Can Contract Workers Deduct Mileage?

by Kevin Boone ; Updated July 27, 2017

An independent contractor is self-employed and performs services for customers, businesses and corporations. A self-employed contractor runs his own business — his customers aren't required to withhold taxes when paying him; the contractor is responsible for reporting the taxes. The contractor must determine the costs of a project, including transportation costs, and factor these costs into his overall fees.

Standard Mileage Rate

The standard mileage rate is $0.51, or 51 cents per mile, for business mileage. As a contractor, you can deduct this expense on Form 1040, Schedule C. To use the standard mileage rate, you must claim it during the first year your vehicle is placed in service. For leased cars, the standard mileage rate must be used for the entire lease period. Business-related parking fees and tolls are deductible in addition to the standard mileage rate.

Actual Expenses

Alternately, you can claim your actual vehicle expenses incurred while doing business. Actual expenses include gas, oil, repairs and maintenance, titles and registrations, licenses, DOT certifications, tires, depreciation, lease payments and insurance. Actual expenses also include business-related parking fees and tolls.

Restrictions

You can either use the standard mileage rate or the actual expenses for your vehicle but not both. You can calculate both ways to see which method works in your favor. If you have a fleet exceeding four vehicles, you must use actual expenses. As of 2011, if you use your vehicle for hire — e.g., a taxicab or courier — you can use the standard mileage rate. Before 2010, contractors who used vehicles for hire had to use actual expenses: They can now use either method.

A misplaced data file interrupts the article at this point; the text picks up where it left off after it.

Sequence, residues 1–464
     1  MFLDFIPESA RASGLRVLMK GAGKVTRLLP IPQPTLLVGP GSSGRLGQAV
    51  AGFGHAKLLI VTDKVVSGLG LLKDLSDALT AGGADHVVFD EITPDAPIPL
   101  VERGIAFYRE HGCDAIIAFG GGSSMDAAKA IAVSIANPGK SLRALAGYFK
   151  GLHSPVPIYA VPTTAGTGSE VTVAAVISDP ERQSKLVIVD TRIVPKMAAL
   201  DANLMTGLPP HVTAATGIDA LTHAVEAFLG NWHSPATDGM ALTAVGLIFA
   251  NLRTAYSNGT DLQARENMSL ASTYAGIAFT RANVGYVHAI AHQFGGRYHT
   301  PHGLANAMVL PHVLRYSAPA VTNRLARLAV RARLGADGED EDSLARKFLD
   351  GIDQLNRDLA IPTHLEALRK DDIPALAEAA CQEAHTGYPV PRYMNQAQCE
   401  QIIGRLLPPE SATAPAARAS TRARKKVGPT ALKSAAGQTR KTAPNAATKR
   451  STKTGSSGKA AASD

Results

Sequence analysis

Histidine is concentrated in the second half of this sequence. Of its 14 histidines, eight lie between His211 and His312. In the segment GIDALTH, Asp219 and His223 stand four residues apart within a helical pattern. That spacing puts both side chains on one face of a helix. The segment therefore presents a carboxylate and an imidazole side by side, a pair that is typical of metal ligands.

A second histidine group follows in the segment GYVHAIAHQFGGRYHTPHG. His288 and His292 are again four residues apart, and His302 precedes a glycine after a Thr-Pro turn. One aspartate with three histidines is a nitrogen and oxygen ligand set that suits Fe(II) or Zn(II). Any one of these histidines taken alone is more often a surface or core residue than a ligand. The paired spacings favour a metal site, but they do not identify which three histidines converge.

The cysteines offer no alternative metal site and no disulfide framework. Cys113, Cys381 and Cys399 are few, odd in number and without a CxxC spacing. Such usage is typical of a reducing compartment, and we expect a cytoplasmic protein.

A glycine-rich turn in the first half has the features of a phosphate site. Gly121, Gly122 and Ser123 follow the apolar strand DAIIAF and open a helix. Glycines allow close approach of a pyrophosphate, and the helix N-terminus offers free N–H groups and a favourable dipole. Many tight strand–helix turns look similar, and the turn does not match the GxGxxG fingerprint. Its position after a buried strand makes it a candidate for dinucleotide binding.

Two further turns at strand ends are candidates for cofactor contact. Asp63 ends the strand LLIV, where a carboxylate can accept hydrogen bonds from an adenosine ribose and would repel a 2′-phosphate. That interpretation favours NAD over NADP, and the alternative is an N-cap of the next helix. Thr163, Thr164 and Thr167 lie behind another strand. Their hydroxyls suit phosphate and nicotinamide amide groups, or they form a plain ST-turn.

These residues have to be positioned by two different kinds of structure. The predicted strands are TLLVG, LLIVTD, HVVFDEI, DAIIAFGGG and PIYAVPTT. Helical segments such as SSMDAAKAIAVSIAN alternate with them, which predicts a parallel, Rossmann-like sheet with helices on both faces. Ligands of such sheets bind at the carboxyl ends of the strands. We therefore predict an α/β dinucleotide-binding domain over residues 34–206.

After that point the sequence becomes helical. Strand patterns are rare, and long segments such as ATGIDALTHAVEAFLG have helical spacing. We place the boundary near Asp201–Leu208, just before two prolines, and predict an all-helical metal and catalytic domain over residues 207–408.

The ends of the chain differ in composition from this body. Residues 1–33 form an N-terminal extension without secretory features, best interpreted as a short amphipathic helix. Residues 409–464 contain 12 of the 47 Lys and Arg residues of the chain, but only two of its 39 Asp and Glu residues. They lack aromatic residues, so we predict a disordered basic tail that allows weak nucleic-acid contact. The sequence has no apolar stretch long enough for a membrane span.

Documentation

To substantiate claims for mileage deductions, you must keep accurate records. Keeping a mileage log and recording each trip as you go can save headaches later on. Keep receipts, invoices, repair slips, notes, registration documentation and other important papers together. Each trip entry should include starting and ending mileages, the date and purpose of the trip, the mileage to and from each destination, the cumulative mileage and the destination. You should also have a note stating the vehicle mileage at the time the vehicle was placed in service. Additionally, log books, trip logs, notebooks, pens and ledgers can be deducted as office expenses.

Caveats

You must allocate personal, commuting and business use of your vehicle. You can't deduct personal or commuting miles. Vehicles include cars, vans and pickup trucks.

About the Author

Kevin Boone is a current student at Chattanooga College and graduated from Pellissippi State in 2000 with an associate degree in electrical engineering. He has written safety-related procedures and documents for organizing power system components and holds his A+ Certification for Computers.